Once upon a time, long ago, there was a youthful person called David Attenborough (no “Sir” then). He could be found on the sixth floor of BBC Television Centre in London. But that executive level was not really his natural habitat, and he decided to leave that media jungle for a very different one, the natural home of many very different species. And David’s story, from then on, was to become the very backbone/vertebra of wildlife broadcasting, not only in Britain, but, eventually worldwide, reaching everywhere on planet Earth, trying to save it from ourselves.
The BBC Natural History Unit was, and is, based in Bristol, England inhabiting elegant buildings along Whiteladies Road (which leads to Blackboy Hill). My small office was there, and my job was equally junior – “General Assistant” covered it and involved tea, as the main botanical requirement. I must have been very good at it because, for whatever reason, I found myself on my way to the TV temple of the BBC (some 20,000 UK staff in total), carrying a plastic bag (not even Waitrose). A window on the executive sixth floor opened: “Come on up, Richard”. So up I went, to that high and mighty level, negotiated two (not one) formidable assistants, and into David’s, Director of Programmes’, inner sanctum. On the table was a map of Borneo; at that time, some 50 years ago, hardly known to outsiders. David was expected to reach the very top of the pecking order and not many knew about his Borneo plot. I returned to my burrow in Bristol. David resigned from the BBC much to many people’s surprise. The series we made was called “Eastward” or “Eastwards” (answers on a postcard); five of us film crew, with sound recordist – Dickie Bird (yes) and David, in his book “Life on Air” (2002) wrote: “Richard, as director, to tell me what to do” (Fancy that!). It was to become the start of a story, which is still being told. This is it.
… Fast forward for David, to become “Sir”, via the “Life” series of several of which the first was “Life on Earth”, the most ambitious wildlife series, so far – 13 episodes – an unthinkable number today. “It wouldn’t work” they said…”you can’t walk from one continent to another in the same natty beige number” to show a lizard in Australia is like one in South America = convergent evolution. “They” were wrong. “Life on Earth” was a huge hit worldwide – said to be David’s favourite of the many other “landmarks” “milestones” and other modest “epics” that were to follow...the “lifes”, then the “planets”. I was lucky enough to work on “Life on Earth” and “The Living Planet” – total 6-7 years work and travelling. It was a great experience but, in my personal view, it didn’t go far enough in telling the truth about that only living planet, Earth. What was happening to it and that wonder-full nature and places? But, as David claimed, unless viewers see what’s out there they won’t care about it. They won’t watch bad news. Ratings will fall and it will suffer in the schedules. It’s a trap. And years later, in 2021, we may, or may not, be seeing the sad results.
David and I went our separate ways. I live in Somerset near Bristol. David lives near London in a house famously full of treasures from his travels. I live in a cottage with a lot of programme material from which my editor Gareth Trezise and I have made some 100 films for free access on YouTube and Vimeo, mainly about wildlife conservation. Whereas I was fortunate enough to be left enough money to achieve that, David always had the very large budgets and a lot of time for filming. The great results were to be seen on the television screens of the world with ample publicity, and of course, linked to the now very famous man himself. At 94, his, i.e. the BBC’s, next “blockbuster” series of five programmes was shown at peak time on BBC1 in January 2021. It was called “A Perfect Planet” revealing how planet Earth happens to possess the ideal conditions for life on Earth – remember that title – 13 episodes some 40 years ago? Of course many people now know how imperfect our fragile world is, threatened by climate change and endangering thousands of species globally – in other words biodiversity. Can we turn losers into winners? Is there time? Crucially, will we act? Judging by weaknesses in our own species’ DNA the signs are not good. We seem to be our own worst enemies, and that doesn’t include a pandemic which we brought upon ourselves by messing up nature. Sir David’s messages, seen and heard by millions worldwide, for so long, reached out to a population that has now doubled to some eight billion human beings. Initially, his big series had shown the wonders of biodiversity with less emphasis on the problems it faced. I felt I could help in my modest way.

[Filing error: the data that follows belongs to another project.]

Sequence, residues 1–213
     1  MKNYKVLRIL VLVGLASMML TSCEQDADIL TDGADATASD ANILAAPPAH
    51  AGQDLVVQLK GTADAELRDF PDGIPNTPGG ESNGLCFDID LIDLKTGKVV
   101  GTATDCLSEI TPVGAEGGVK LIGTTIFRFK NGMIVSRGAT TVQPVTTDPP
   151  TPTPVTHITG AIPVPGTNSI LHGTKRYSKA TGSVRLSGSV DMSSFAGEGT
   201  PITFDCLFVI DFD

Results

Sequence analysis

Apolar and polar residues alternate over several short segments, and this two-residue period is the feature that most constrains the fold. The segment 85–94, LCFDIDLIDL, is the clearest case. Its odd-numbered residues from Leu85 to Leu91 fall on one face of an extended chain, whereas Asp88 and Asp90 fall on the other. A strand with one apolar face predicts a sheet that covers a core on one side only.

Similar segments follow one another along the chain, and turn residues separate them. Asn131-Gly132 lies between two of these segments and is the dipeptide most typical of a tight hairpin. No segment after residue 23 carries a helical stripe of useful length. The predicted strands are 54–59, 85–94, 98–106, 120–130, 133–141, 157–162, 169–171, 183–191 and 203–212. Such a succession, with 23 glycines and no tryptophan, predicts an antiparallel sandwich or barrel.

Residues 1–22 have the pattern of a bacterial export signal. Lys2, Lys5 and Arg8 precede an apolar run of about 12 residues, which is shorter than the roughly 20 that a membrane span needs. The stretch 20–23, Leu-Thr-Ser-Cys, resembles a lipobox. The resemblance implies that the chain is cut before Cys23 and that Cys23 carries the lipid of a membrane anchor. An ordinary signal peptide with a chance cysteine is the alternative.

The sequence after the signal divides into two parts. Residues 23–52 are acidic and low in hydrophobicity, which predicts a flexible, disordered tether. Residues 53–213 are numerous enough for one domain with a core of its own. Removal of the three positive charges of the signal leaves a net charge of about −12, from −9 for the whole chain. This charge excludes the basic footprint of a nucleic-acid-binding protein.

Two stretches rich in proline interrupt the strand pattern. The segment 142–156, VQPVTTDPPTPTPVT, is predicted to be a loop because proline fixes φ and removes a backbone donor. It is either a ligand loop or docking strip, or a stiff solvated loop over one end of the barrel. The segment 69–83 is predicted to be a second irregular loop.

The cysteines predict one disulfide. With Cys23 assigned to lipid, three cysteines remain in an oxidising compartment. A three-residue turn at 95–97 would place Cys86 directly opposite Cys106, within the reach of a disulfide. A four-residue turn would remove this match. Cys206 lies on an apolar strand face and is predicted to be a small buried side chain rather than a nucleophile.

With that money left to me, I’ve made some 100 films viewable, for free, on YouTube and Vimeo, plus an accompanying book of 150 pages in 19 chapters. It is a very personal view and includes David Attenborough; Greta Thunberg; biodiversity; shopping; forests; farming; fishing; food; consumption; waste/plastic/recycling; energy/oil; climate change; Covid-19; water; the media; money/fashion; Trump/Biden; aviation/travel/tourism; human population; China; nature and us. The white stork is the theme ending with some really good news. It's free to all those interested with any donations going to charity, the Avon Wildlife Trust, based near where I live, near Bristol. Or donate to a wildlife/conservation charity of your choice.
Meet Richard Brock, the Wildlife Film-maker who spent 35 years working in the BBC NHU with David Attenborough
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